The model of true immortality as a shift in the language works well with great authors like Tyndale and Shakespeare. Yet while everyone knows Shakespeare, few know about Tyndale and his effect on the English Language, by way of the King James Version Bible.

    The religious model of fame cannot be surpassed, imo. The best attitude towards fame is simply to do one’s job in life, whatever that may be, to the best of one’s ability, and leave it to God as the ultimate judge and guarantee of true value, the basis for real fame. All earthly guarantees are vulnerable. The more famous you are, the more people will attack you. Moses and the prophets understood this and resisted their calling, and even Jesus prayed at Gethsemane to be spared the trial that afforded him ultimate fame.

    Comment by Q — July 30, 2012 @ 8:04 am

  2. I agree with what you say here, but if fame is just a form of immortality, with immortality being the real need, the question is how individuals can imagine that need being met today. A kind of fleeting fame and hence immortality is, or at least appears to be, much easier to acquire today than in previous, unwired eras; and the shortest cut to that kind of fame is disruption of the status quo in some way that can’t be ignored–like mass killing. Now, even if we assume that the religous model of fame (did you mean immortality here?) is the best, it is worth considering what happens, and might happen, if that model becomes less and less available (or, what comes to the same thing, is increasingly rejected). All those people without the unsurpassable model will nevertheless come up with some model. And what you propose as the best attitude towards fame would also be the ideal, but for a cultural theorist to stop there would be like a doctor being satisfied with giving advice to “take care of yourself.” Doing your job (and raising your family, supporting your community, etc.) in the best way you can is not self-evidently a path toward fame, so however satisfying in other ways this moral rectitude may be, it’s not addressing the need in question–that for immortality (again, unless we introduce, as I am disallowing for the sake of my argument, God as the deus ex machina who rightly sorts out the value of everyone’s contribution). That need, I am suggesting, can only be met if, in one’s subordination to the larger community, one can actually see, and be assured others see, the marks made by one’s contribution.

    And that brings me back to my suggestion regarding language, to which we all do, undeniably, contribute. In other words, we are all (very) little Tyndales and Shakespeares, if we lower our threshold for acknowledging linguistic or semiotic shifts sufficiently. And such a lowering is really what my suggestion amounts to. Imagining oneself in that way, as initiating a style others might model themselves on would situate one within a possible dialogue with invisible interlocutors–and that would be a first step towards the kinds of exemplary attitudes you outline.

    Comment by adam — July 30, 2012 @ 8:54 am

  3. You’re right that fame is different from immortality, although the christian vision of immortality includes a measure of recognition. Being immortally anonymous might be the oxymoronic fate of a GA scholar :).

    I think GA teaches that what we all need is an arena in which we can successfully compete and win recognition. This becomes easier in Modernity by way of various media, but also harder because of the “winner-take-all” phenomenon. But we can still be individually different without being “best,” which is inaccessible to most. We can be recognized as a worthwhile, “unique” individual without being “famous.” A certain humility, then, is required to be satisfied with one’s share of recognition (religion makes such humility easier, since it posits an alternative, transcendent scene coram deo, before God). The anthropological model doesn’t depend on any religious guarantees. We all live in local communities in which is it quite possible to win some modest recognition. This model also necessitates we be willing to appreciate each other person as special and valuable; from a religious viewpoint, made in image of God.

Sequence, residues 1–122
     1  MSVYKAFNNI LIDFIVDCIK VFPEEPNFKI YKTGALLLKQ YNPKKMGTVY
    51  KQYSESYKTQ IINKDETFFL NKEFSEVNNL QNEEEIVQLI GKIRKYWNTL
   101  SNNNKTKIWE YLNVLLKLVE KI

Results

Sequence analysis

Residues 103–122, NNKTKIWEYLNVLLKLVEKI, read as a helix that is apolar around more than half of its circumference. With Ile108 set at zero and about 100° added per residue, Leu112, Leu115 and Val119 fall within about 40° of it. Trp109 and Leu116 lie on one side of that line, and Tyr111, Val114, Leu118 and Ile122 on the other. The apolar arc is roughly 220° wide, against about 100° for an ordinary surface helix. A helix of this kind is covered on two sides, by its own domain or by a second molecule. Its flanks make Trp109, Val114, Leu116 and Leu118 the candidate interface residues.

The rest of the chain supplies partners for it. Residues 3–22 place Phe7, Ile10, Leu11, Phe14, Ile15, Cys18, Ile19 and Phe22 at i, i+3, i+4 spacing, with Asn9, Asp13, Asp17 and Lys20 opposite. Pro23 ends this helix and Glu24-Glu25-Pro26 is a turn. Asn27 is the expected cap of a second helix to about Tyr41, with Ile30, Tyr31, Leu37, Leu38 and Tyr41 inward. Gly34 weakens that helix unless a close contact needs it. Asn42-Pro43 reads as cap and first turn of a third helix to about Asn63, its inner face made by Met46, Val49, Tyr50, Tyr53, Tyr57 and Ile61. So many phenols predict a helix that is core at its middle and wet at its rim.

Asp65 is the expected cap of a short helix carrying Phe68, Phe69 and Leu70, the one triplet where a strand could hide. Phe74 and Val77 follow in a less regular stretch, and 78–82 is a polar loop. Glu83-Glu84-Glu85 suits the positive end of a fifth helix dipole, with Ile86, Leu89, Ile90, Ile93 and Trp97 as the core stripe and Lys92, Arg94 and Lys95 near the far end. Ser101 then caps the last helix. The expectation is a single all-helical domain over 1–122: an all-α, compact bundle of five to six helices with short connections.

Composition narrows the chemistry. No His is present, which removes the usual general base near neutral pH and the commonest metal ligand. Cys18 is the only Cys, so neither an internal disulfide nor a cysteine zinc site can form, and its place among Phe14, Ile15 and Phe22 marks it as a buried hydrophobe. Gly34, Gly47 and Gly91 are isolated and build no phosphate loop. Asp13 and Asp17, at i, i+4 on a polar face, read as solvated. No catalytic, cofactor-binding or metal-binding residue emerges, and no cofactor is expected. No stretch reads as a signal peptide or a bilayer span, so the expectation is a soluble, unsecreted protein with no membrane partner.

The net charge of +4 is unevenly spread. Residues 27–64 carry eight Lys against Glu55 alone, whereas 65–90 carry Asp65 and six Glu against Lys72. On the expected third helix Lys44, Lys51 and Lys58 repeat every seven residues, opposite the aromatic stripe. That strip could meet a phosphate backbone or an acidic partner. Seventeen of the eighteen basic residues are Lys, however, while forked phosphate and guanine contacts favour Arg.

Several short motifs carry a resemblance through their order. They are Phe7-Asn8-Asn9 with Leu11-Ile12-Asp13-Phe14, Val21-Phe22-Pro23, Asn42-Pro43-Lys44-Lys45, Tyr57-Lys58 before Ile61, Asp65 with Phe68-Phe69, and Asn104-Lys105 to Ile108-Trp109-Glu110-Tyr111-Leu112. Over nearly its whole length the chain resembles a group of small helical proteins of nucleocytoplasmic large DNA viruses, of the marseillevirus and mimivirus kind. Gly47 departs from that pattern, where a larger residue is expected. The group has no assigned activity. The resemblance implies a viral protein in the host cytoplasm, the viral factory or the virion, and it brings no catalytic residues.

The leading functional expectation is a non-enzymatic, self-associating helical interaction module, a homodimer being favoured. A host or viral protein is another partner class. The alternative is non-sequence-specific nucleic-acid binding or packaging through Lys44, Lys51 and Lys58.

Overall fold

You’re suggesting that we can acquire some practical immortality (if not personal fame) through our effect on the language. The useful of this model, then, would be the humility of giving up the imperative for fame in favor of immortality at a low threshold. I guess this leads to question of how and why our language changes. Are such changes purely rhetorical, or is there an anthropological value here; so that changes reflect not just style but also content (“style with substance” as you say); in which case, wouldn’t it be better to articulate this immortality as our contribution (i.e., permanent addition) to our body of anthropological self-knowledge? Acknowledging, of course, that the distinction between style and content is artificial. “A new way of thinking” necessarily encompasses both form and content. A new form implies a new content, without which it would be doomed to triviality. I wonder if Eliot’s concept of tradition might be helpful here.

    Comment by Q — July 30, 2012 @ 10:03 am

  4. Your last paragraph sets up some of the questions I’m most interested in now. More precisely, I would like to construct a theoretical vocabulary that takes the artificiality of the style/content distinction as a given–a new style is a new way of organizing attention, which is intrinsically substantial. I want to be able to say that lexical and grammatical changes are changes in “economies of attention” (one useful convergence between the notion of attention–for GA, “joint attention”–and economics is the assumption of scarcity in both cases: if we all had enough, no labor or exchange would be necessary, hence no economy; while you can only pay attention to one thing at a time, meaning there is always a monopoly of attention.) (Richard Lanham gets this discussion started with his The Economics of Attention.) The real trick would be analyze a particular linguistic phenomenon–let’s say, for simplicity’s sake, the pervasive use of the resigned “whatever” (which actually seems to me to be fading) or the multiple ways in which the word “dude” is now used–in these terms; and, then, to situate those changes in the economy of attention to broader historical changes, or changes in the relations between the gift and market portions of the economy. Anthropological self-knowledge would then be new ways of organizing or monopolizing attention.

    Regarding your first paragraph, again, I pretty much agree with you–we can and should do the things you say we can and should. But very often we (or some of us, anyway) don’t, or feel we can’t, or are prevented from, etc., which is where the questions start coming in.

    Comment by adam — July 30, 2012 @ 11:10 am